Republicans Are Counting on Millionaires to Flip the Senate

Since his rise to the presidency, Donald J. Trump has claimed enormous wealth as proof that he is an anti-establishment ally of the working class, not beholden to corporate donors or special interests.

The Republican Party, eyeing control of the Senate next year, is trying to mimic his success with a cohort of candidates who in the past might have been attacked as a bunch of rich men but this year will be sold as successful outsiders in the Trump mold.

The decision by Ohio voters on Tuesday to nominate Bernie Moreno to take on Senator Sherrod Brown, a Democrat, is the capstone of a year that has crowned nominees — or anointed clear front-runners — with remarkable wealth in Pennsylvania, Wisconsin, West Virginia, Montana and now Ohio.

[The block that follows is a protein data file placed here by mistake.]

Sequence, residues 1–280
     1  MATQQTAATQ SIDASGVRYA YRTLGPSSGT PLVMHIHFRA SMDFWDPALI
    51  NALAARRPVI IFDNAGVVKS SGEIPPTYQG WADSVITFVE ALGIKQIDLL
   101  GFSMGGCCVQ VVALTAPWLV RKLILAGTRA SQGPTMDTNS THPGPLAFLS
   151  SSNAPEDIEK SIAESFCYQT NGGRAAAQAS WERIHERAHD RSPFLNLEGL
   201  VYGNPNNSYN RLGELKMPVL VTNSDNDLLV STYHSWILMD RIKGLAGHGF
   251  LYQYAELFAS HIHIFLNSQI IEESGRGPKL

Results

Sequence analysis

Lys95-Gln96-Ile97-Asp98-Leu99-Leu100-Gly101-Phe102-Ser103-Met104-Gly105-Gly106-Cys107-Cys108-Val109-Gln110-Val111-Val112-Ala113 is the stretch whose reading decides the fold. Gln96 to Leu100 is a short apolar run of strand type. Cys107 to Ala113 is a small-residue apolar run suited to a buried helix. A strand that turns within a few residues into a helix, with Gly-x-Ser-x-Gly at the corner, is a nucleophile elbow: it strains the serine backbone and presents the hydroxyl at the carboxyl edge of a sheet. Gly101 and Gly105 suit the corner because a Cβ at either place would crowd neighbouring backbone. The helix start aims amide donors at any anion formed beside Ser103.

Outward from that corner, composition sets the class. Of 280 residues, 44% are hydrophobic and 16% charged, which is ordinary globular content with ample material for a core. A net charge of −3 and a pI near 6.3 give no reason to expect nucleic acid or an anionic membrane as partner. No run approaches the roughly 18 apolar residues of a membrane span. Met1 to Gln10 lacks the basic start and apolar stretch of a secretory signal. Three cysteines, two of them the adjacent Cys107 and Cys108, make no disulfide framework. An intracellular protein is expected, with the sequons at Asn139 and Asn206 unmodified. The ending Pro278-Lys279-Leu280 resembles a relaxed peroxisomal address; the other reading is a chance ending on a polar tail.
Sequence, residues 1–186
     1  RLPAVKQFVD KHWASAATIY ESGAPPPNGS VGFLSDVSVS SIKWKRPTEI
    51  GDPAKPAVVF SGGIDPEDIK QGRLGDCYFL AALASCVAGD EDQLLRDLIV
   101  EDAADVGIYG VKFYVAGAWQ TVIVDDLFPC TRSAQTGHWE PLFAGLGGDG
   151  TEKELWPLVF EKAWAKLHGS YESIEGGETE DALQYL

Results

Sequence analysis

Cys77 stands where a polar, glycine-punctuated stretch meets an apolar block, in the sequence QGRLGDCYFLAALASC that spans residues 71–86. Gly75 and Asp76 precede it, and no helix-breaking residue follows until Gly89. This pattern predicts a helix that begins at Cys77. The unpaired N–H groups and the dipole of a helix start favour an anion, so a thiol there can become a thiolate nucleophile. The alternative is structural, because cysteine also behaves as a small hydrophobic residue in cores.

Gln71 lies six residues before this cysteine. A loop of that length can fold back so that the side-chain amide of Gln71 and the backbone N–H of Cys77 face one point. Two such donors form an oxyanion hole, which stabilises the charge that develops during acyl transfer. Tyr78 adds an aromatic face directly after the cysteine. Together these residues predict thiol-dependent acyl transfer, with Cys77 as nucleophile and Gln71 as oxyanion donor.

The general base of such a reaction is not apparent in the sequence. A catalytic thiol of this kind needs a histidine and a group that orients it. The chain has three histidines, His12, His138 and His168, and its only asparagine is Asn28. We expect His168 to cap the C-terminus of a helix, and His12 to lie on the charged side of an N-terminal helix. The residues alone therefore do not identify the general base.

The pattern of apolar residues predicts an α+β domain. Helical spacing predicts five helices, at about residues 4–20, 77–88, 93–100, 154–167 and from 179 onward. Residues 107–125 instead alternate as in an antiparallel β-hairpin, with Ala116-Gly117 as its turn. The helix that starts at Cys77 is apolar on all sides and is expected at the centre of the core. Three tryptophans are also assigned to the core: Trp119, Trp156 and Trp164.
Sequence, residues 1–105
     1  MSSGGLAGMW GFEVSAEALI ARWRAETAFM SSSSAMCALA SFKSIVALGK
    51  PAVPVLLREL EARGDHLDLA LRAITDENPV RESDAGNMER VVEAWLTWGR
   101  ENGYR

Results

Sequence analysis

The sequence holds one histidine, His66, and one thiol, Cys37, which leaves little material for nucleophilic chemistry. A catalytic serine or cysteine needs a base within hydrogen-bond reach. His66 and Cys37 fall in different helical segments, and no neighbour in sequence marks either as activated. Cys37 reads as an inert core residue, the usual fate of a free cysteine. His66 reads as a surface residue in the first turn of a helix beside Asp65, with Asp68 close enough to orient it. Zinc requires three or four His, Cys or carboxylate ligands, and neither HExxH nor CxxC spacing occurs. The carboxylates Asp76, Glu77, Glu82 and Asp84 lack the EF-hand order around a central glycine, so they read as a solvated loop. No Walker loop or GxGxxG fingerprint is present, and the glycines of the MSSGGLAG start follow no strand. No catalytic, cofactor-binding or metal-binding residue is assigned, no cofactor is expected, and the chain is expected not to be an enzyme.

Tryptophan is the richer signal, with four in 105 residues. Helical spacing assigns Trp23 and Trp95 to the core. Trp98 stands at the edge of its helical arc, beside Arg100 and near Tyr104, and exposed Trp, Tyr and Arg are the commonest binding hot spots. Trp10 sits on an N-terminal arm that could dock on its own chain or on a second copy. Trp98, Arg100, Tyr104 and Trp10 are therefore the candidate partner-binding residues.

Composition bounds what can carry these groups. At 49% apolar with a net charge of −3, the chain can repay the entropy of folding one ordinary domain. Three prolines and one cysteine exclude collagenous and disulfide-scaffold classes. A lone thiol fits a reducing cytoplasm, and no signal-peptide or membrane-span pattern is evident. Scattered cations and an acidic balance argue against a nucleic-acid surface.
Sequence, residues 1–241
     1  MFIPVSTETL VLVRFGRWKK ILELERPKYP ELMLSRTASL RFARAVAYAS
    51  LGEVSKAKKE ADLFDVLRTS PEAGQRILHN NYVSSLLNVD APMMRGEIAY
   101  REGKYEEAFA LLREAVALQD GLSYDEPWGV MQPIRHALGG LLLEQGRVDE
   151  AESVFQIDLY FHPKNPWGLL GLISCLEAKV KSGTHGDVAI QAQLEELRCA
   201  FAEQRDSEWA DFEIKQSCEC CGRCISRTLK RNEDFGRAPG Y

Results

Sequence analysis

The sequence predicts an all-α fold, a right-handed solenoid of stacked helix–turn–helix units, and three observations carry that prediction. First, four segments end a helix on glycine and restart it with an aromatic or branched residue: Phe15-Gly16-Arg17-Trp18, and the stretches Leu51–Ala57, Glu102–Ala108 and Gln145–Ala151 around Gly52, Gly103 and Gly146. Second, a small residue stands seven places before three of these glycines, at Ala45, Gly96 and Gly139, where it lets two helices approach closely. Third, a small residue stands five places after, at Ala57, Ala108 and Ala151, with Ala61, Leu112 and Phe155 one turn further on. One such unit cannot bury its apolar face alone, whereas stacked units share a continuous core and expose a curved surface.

That might match the party’s presumptive nominee, Mr. Trump, but with backgrounds in banking and hedge funds, properties in Connecticut and Laguna Beach, Calif., and education credentials from Princeton and the Naval Academy, some in the 2024 class feel more like the days of Mitt Romney, worth around $174 million, and John McCain, a Naval Academy graduate who married into a beer-distributing empire, than the current moment when blue-collar credibility is the currency of the realm.

The intentional decision by Republicans in Washington, D.C., to get behind candidates with enormous personal fortunes will most likely give the party a boost as it struggles for campaign cash against the Democrats’ formidable grass-roots fund-raising operations. But the sheer affluence of the candidates — and how they made their money — is sure to be a factor in the fight for Senate control.

David McCormick, who is running for Senate in Pennsylvania, and his wife, Dina Powell McCormick, reported assets worth $116 million to $290 million in 2022.Credit…Jeff Swensen for The New York Times
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